Why the Marche?
Travellers who want the best of central Italy are now heading for Le Marche, the third region, alongside
Tuscany and Umbria, that makes up central Italy. It is pronounced "lay markay", is plural (Le Marche) and is sometimes translated into English as "The Marches".
The region lies on the eastern side of central Italy, between the Adriatic Sea and the high Apennine mountains and much of it remains unspoilt by the ravages of mass tourism.
True, the Adriatic coast has been a mecca for "sun n' sand" holiday makers for decades; but few venture far from the beaches. Inland, perhaps more so than
anywhere else in central Italy, you will find places where time really has stood still. Compared to its central Italian sisters, here culture comes in more easily digestible
proportions but quality, as at Urbino, is often of the very best.
When to go
While it can be hot between mid-July to mid-August, it is
rarely overcrowded and up in the mountains the breezes are cooling.
May, June and September are the ideal months to tour Le Marche if you can't take the heat; the landscape is clothed in spring green or the first tints of autumn, any
rain tends towards brief showers rather than endless drizzle, and it's usually possible to find a bed without booking.
The wettest seasons are mid-February to mid-April and mid-October to mid-December when days of grey mist and rain can set in up in the mountains. It can also be
cold in midwinter, particularly when the bitter northerly tramontana winds blow.
Where to go
Whether you want to admire masterpieces of Renaissance art and architecture, trek across wild
uncharted mountains or hunt out the best of the catch in a Mediterranean fishing port, Le Marche has enough to keep you busy for years. And you will rarely have to jostle with hordes of other foreign tourists.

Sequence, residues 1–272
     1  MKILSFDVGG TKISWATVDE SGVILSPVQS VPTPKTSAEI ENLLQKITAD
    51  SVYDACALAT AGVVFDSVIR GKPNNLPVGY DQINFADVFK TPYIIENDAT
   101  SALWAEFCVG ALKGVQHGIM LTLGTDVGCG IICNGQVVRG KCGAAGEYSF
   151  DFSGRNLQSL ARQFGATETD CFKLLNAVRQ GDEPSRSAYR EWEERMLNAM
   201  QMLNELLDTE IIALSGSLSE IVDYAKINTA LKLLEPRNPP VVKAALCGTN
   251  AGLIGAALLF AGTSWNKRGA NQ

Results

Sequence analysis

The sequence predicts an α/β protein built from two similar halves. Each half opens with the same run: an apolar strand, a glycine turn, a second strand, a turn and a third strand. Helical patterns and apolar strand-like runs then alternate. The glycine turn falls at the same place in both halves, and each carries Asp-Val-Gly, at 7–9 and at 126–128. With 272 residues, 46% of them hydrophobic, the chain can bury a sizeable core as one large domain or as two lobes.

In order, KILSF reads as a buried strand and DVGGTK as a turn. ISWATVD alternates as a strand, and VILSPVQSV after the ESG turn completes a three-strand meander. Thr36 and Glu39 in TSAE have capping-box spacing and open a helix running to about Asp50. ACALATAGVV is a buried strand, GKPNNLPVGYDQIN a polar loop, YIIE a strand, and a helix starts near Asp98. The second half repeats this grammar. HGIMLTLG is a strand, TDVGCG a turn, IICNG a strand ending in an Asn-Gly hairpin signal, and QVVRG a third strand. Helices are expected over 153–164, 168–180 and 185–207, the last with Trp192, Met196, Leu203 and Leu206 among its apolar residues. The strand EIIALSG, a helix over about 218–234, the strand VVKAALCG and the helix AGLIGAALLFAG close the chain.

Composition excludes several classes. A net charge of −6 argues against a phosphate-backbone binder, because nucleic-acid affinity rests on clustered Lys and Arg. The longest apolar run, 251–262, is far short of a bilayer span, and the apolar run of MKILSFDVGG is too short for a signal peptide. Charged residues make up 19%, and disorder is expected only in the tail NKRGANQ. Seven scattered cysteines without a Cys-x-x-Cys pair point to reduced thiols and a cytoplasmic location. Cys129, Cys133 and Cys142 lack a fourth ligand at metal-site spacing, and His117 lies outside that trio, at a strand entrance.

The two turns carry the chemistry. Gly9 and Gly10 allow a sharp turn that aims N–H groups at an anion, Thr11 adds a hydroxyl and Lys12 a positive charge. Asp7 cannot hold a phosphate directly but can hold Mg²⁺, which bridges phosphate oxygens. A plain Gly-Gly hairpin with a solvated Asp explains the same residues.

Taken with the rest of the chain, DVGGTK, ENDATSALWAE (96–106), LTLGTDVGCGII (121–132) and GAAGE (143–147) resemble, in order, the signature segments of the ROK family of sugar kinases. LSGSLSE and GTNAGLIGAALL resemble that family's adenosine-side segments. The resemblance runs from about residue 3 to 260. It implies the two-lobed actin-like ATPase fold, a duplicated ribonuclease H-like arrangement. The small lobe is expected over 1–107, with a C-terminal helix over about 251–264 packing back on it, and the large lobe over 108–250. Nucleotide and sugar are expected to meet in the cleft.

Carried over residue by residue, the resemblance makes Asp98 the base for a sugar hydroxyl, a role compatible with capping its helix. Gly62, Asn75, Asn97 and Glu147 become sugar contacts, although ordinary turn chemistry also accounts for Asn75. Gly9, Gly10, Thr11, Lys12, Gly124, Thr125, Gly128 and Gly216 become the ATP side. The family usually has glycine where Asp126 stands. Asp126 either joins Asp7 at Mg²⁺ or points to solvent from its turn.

Many visitors who come to Le Marche are looking for a taste of the "real" Italy, unsullied by mass tourism, yet welcoming to foreigners - if that's what you want, you
won't be disappointed.
The main towns
Here is a rundown of the largest towns in the region -
click on the names to get a full "guidebook" entry for the place or go to the places index or the clickable Marche map:
Of the region's principal towns, Urbino is our favourite. This jewel of a renaissance city remains little changed
from the days when Duke Federico of Montefeltro set up his celebrated court here in the second half of the 15th Century.
The provincial capital of Ascoli Piceno lies at the southern end of Le Marche. This beguiling old town is well worth
at least an overnight stay. Its travertine-paved main square is one of the most beautiful in Italy.
The administrative capital of Le Marche is Ancona, a city with less obvious attractions for the tourist. Give it time,
however, and you may find you enjoy the salty charm of this bustling sea port. It's also one of Italy's principal ferry ports with boats to Croatia, Greece and Turkey.
Another of the region's provincial capitals, Pesaro is both an appealing seaside resort and a thriving commercial
town. Good shops, fine beaches and great fish.
Another of the region's main centres is Macerata, a dignified town, famous for its annual outdoor opera festival and capital of the province of Macerata.
The alluring hilltown of Fermo is the capital of the recently-created province of Fermo and boasts a fine
historic centre and outstanding main square.
Many of the smaller inland towns are well worth visiting and most make a good base for touring. These include , Cagli, Camerino, Cingoli, Jesi, Offida, Recanati and Sarnano.
Of the many seaside resorts, the prettiest is Sirolo on the Conero peninsula. See our beach guide for details of having fun beside the seaside.
Many tourists visit Le Marche for its natural beauty and
most of the spectacular inland mountain country remains unscathed by the worst excesses of the 21st Century. See our nature page for a run-down of the region's
Here are the major sights that should not to be missed:
You'll find some of the most impressive mountain scenery to the south of the region amidst the Monti Sibillini,
whose peaks are often covered with snow until the late spring.
The Frasassi caves are some of the most spectacular limestone caves you are every likely to visit.
Limestone again is the leading player at the Furlo Gorge, a dramatic natural pass through the mountains that has
been in use since prehistoric times.
Most of Italy's Adriatic coastline is stubbornly flat. Monte Conero, just south of Ancona, is a rare exception - a
high limestone mountain that plunges into the sea and guards a handful of delightful little bathing resorts.
The best mountain views to be had in the north of the region, on the doorstep of Urbino, are around the giant Monte Catria. In spring the upland meadows are
carpeted in alpine flowers.